Investigating Affected Molecular Pathways of CDKL5 Disorder

Katherine and labmate pipetting




Associate Professor of Genetics

Project Summary

CDKL5 disorder is a neurodevelopmental disorder affecting children. Its symptoms include siezures and neurological deficits, similar to Rett syndrome.

 The mechanisms of CDKL5 disorder aren't understood well. It remains unclear how CDKL5 interacts in the cell to cause such strong symptoms. As a result, it has been difficult to develop therapies for patients affected with the disorder.
The purpose of this project was to identify proteins that CDKL5 interacts with in the brain. By identifying interactors, we can better understand the molecular mechanisms behind CDKL5 disorder.

 One of the ways to do this is to isolate CDKL5 protein and its interactors from other cell components, and analyze them using a technique called mass spectrometry. My goal this summer was to properly isolate the CDKL5 protein and its interactors.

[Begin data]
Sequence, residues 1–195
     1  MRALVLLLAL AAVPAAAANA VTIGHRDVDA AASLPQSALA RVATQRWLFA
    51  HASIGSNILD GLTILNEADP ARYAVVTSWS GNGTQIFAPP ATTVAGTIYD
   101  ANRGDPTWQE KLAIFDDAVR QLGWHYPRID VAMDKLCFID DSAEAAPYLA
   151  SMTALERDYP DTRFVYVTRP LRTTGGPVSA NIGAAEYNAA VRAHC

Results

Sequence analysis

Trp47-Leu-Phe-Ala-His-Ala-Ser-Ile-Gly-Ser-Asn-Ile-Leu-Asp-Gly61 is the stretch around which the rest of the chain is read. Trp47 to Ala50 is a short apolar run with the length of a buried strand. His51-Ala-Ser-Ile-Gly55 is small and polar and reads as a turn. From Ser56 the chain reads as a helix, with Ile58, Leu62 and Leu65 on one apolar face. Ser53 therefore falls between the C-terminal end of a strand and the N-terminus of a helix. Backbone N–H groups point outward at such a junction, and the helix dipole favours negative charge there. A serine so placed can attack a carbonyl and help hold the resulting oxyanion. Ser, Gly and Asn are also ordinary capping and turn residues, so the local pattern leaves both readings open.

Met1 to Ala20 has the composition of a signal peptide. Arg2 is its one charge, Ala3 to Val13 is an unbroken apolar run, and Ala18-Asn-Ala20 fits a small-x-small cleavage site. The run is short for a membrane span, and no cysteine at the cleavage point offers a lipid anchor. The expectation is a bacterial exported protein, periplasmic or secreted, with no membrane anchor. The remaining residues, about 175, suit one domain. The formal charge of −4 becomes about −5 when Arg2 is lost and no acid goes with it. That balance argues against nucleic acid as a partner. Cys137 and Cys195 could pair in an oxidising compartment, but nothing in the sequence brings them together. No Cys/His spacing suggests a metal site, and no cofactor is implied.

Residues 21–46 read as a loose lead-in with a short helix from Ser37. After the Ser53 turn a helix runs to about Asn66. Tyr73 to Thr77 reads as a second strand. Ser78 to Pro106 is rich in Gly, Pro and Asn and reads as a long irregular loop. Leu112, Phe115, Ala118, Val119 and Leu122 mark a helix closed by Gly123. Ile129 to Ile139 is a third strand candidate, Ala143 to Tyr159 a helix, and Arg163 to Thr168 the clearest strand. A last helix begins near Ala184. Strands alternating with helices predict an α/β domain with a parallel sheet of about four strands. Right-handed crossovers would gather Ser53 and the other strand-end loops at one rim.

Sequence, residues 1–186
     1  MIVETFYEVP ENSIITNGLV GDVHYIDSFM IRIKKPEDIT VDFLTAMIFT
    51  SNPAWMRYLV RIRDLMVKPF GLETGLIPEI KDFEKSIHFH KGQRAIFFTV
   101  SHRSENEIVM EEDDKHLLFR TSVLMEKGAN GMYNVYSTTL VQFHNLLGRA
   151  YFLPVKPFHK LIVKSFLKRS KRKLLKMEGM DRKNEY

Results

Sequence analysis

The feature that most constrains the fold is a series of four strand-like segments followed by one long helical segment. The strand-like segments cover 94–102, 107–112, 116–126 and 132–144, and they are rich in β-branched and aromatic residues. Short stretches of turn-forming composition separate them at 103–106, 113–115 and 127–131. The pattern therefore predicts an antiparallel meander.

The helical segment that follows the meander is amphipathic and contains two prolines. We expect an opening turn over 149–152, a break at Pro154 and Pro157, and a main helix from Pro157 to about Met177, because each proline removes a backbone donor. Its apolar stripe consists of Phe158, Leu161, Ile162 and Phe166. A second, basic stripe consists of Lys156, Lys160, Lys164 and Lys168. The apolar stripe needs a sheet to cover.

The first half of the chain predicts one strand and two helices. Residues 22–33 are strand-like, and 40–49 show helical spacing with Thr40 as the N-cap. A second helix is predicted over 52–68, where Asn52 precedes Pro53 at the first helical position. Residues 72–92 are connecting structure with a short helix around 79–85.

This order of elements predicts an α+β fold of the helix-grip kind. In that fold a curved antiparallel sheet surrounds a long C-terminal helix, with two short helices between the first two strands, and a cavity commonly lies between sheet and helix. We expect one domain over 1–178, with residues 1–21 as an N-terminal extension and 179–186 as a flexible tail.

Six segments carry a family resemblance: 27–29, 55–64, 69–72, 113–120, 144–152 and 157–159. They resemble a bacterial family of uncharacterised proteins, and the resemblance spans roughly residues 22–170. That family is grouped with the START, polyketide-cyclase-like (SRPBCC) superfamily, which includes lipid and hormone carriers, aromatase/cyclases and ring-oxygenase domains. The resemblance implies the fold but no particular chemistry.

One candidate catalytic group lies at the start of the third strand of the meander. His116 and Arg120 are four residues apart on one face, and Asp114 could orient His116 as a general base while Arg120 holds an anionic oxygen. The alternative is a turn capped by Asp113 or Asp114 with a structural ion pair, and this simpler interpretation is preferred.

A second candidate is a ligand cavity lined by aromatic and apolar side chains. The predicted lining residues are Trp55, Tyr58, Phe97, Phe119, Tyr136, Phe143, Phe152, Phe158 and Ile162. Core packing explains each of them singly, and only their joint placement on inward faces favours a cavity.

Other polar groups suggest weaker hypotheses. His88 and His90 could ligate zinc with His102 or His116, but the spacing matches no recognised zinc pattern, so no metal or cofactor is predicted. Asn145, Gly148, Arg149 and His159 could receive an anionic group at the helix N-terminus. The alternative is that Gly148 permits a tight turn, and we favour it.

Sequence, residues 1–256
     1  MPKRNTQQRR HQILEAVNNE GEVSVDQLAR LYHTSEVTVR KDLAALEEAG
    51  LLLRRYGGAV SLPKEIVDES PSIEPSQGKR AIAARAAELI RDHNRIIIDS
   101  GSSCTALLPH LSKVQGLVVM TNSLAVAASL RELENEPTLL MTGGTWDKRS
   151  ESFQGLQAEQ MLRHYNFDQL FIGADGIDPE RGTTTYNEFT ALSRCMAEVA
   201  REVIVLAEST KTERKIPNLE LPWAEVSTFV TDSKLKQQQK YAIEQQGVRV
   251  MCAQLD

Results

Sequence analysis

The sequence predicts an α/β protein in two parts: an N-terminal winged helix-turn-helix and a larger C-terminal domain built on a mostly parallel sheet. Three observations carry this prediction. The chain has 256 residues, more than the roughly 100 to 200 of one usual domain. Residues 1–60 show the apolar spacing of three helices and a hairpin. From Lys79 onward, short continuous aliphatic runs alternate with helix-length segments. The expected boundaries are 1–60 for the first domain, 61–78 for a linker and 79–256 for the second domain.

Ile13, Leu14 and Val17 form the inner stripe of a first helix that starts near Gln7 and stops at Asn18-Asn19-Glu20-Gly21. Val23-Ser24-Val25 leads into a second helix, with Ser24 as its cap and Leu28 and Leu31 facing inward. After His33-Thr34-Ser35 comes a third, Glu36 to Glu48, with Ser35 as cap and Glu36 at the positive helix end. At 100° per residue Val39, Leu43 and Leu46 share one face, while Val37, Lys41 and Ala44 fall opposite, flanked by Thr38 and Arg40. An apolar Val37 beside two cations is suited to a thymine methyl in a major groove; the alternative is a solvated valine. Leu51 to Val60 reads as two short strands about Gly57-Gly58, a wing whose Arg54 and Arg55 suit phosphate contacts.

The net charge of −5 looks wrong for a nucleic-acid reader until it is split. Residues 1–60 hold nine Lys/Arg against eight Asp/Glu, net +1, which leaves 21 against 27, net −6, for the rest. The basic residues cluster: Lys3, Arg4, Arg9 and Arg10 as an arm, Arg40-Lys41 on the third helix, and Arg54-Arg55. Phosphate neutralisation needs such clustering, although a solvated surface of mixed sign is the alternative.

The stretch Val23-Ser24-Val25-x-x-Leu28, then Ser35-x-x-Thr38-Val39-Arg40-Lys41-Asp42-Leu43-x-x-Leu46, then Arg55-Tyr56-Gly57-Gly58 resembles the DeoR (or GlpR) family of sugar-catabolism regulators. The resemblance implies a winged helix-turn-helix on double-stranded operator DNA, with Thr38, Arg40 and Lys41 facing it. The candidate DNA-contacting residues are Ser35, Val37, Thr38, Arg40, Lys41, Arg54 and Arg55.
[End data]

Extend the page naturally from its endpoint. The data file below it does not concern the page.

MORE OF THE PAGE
In order to do this, I used a mouse that has a tag attached to its Cdkl5 gene. This tag allows for the protein to be isolated, due to its strong chemical interactions. However, while isolating the CDKL5 protein itself was effective, I had difficulty isolating the interacting proteins. Thus, I optimized the protocol to be more efficient at isolating CDKL5 and its interactors. To do this, I altered the biochemistry of the reagents I was using. For example, I adjusted concentrations of salinity, pH, and the strength of the chemical interactions in the protocol.

 As a result, I was able to create a protocol to isolate CDKL5 and its interactors from the cell. The next step is to analyze tese interactors using mass spectrometry, and identify which proteins are the most essential. This will help us garner an understanding of the disease and be the baseline for therapeutic development.